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MargotMontage

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  1. MargotMontage

    Damnable December

    Christmas sucks for people with family issues. I personally 'celebrate' it from a religious perspective, but even that's hard, since I feel so unwelcome in church. I suppose that if you're not particularly religious, you could always consider Charles Dickens' A Christmas Carol as a thoughtful reflection on the Christmas spirit. Retailers and corporations promote it, but are very Scroogelike in the execution of their ideas.
  2. MargotMontage

    Confused and hurting

    That's a heavy realisation, but it's important. I was really upset when I realised I felt the same way about myself. What's important is moving forward from here. I understand the feeling of 'making excuses', because I often think I do that. Just remember that depression is an illness with symptoms, and these may make you procrastinate. Try and be kind to yourself.
  3. MargotMontage

    A Beginning, A Detour, Another End

    I guess the big problem is, while going somewhere else would be the ideal solution, one needs saved and incoming money to do so. Is it possible for you to stick out the job for a year or so and seek something better elsewhere?
  4. MargotMontage

    Yesterday Was OK

    I managed to have an ok-ish day. I had my chronic pain return in the morning, so that sucked, but in the afternoon I was productive. Then I went for a walk and managed to enjoy the scenery, watching the people walk by and the dogs and birds. Then I went to the movies, which was nice, since I rarely overcome my anxiety enough to do it. My chronic pain was back in force by evening, but good days are so rare it's worth mentioning it.
  5. The junkfood analogy above is a good one, but I suppose it can also be seen (for some people) as something less urgent, like the urge for a chess enthusiast to enjoy a game of chess, whereas people who aren't into chess don't want to so much. Or it could be more urgent: a non-aesexual person's want to have a relationship with certain people could be as strong (although more controllable and less necessary) as the need for water when thirsty. (Obviously, unlike being very thirsty, they won't die if they don't get the physical relationship.) I hope this makes sense. I'm not aesexual but I have a different outlook on relationships to the majority of people, so I can sort of answer. You'll probably get better answers from other people of the same orientation as yourself, though, but I hope this helps a little.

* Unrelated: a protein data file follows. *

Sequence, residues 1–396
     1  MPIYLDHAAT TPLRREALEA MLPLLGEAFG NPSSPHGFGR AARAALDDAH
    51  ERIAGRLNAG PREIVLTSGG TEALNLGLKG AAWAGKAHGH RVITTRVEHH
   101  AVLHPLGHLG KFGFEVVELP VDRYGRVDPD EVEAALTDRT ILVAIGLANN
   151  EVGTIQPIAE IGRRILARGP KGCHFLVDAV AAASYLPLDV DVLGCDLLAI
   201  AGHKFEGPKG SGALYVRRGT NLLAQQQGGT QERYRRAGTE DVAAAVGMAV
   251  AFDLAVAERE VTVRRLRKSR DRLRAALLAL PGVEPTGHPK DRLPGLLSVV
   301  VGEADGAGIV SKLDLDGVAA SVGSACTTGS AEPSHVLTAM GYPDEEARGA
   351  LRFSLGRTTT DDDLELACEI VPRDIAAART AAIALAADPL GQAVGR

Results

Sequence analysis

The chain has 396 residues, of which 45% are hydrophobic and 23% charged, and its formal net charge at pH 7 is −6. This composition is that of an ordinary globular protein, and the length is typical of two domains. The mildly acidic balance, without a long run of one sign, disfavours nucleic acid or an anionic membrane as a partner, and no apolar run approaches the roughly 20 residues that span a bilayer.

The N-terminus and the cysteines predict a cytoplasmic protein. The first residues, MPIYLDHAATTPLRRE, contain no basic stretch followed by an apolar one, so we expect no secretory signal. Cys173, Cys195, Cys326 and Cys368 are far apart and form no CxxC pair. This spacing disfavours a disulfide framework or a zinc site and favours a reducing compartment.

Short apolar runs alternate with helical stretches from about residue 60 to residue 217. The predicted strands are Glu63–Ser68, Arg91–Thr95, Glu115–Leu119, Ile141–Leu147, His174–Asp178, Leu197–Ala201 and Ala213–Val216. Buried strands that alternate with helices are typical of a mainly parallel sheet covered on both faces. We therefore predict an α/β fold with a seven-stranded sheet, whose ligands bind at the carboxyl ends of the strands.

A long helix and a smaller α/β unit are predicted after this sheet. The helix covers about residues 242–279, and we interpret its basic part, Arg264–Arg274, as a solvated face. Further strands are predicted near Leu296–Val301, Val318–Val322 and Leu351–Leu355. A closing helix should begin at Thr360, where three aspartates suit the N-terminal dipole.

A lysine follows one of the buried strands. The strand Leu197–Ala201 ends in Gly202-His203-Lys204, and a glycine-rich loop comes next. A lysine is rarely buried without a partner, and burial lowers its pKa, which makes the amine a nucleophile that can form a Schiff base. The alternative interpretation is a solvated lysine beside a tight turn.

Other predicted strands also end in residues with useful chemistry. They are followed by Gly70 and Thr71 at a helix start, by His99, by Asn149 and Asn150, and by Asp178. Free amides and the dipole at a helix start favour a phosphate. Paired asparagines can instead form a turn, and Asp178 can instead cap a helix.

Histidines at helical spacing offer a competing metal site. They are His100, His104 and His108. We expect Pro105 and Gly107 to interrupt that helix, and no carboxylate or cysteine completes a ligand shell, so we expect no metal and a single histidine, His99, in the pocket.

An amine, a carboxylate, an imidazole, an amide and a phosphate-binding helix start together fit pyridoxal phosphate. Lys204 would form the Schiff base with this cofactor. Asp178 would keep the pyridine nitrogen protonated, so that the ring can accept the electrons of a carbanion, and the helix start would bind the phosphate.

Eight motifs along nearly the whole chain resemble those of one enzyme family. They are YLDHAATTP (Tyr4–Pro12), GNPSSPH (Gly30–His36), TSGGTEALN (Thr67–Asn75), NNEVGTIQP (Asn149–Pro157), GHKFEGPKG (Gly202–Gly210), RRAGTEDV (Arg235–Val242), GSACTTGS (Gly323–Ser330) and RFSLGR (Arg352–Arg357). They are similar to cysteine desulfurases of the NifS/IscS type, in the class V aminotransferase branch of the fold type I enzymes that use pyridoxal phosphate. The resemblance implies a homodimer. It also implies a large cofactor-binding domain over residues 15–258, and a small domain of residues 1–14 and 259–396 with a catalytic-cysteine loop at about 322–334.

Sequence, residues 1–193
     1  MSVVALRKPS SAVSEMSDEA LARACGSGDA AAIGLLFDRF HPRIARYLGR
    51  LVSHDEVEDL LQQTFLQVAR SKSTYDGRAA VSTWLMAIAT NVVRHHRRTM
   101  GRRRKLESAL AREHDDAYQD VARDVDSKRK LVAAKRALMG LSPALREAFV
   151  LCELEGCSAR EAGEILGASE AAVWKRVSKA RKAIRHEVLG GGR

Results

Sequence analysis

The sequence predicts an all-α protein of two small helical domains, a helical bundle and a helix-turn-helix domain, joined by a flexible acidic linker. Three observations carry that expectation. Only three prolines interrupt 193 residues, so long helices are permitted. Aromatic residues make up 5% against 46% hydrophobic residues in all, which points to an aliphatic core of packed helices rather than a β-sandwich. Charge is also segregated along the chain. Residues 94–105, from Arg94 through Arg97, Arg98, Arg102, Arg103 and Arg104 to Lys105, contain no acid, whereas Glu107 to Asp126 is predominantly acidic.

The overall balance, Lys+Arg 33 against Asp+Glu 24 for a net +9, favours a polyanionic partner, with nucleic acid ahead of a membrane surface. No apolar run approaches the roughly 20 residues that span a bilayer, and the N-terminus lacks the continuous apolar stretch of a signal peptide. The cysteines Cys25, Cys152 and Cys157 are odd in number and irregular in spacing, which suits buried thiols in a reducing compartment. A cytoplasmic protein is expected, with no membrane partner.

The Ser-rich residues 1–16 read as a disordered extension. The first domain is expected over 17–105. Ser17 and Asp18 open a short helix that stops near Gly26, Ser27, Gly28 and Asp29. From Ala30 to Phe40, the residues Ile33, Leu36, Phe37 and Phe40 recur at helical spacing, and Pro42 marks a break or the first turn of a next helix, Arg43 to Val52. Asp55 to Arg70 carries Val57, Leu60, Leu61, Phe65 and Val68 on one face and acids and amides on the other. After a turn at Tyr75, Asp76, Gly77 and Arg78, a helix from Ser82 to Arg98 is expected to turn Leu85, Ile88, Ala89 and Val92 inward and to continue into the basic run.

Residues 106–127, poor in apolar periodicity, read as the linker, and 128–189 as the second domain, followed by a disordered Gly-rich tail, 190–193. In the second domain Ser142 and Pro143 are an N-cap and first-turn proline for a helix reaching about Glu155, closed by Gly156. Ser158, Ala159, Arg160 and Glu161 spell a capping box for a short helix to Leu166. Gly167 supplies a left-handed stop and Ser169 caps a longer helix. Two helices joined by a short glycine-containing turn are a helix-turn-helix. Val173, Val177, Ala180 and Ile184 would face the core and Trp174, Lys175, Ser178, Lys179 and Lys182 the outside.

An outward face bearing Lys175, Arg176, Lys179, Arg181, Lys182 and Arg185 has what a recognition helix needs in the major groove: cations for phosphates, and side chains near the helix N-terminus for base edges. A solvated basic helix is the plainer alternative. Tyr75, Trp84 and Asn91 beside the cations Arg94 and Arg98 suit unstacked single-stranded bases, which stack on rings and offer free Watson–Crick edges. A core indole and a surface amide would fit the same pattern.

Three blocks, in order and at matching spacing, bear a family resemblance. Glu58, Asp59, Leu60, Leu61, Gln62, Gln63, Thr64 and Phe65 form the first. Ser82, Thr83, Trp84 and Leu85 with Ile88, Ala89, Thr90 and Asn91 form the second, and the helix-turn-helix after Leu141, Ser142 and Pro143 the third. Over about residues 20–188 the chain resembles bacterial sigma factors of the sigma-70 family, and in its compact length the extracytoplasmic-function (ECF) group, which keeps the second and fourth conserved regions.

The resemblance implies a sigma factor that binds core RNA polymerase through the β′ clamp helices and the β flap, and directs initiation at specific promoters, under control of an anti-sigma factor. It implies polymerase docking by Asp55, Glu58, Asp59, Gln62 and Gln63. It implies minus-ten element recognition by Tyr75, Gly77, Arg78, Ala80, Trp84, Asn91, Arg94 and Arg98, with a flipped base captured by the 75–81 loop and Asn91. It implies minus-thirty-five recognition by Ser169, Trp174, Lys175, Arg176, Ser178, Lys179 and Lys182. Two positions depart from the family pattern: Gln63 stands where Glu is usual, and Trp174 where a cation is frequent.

6. MargotMontage

    A quick question

    Yeah, I think a lot of us relate to that. I do. I think you'll have to let it go and try to move forward. You can do it, though! Find someone who is right for you within the circumstances you are currently facing.
  7. MargotMontage

    Lost in Self with Life

    I relate to this. I hate seeing another birthday and having nothing to show for it. What's worse is, I feel the same about my memory. One day, I just woke up and realised that all the things I used to know about my past life weren't clear any more; memories that I recalled perfectly seemed hazy and far away. It was weird, and sad, and I also felt like I had lost part of myself. I know that many other people also have this experience, so you're not alone! Why is homelessness a possible problem? Does your family not want you in the house anymore? Or is it just to hard to live with them?
  8. MargotMontage

    I think I'm done with people ...

    Facebook isn't a good place to go for serious issues. Most people there seem to be either image-obsessed, unwilling to tackle really hard topics, or are trolls. I would definitely say that Depression Forums and this sort of forum would be a better place. Like Stand_alone says, even when friends are close and do care, they generally won't or can't really fix anything. They'll be good sounding boards, but a therapist is a better choice. I hope this helps a little. I wish you all the best. You can message me if you need an ear!
  9. MargotMontage

    Outlook at Life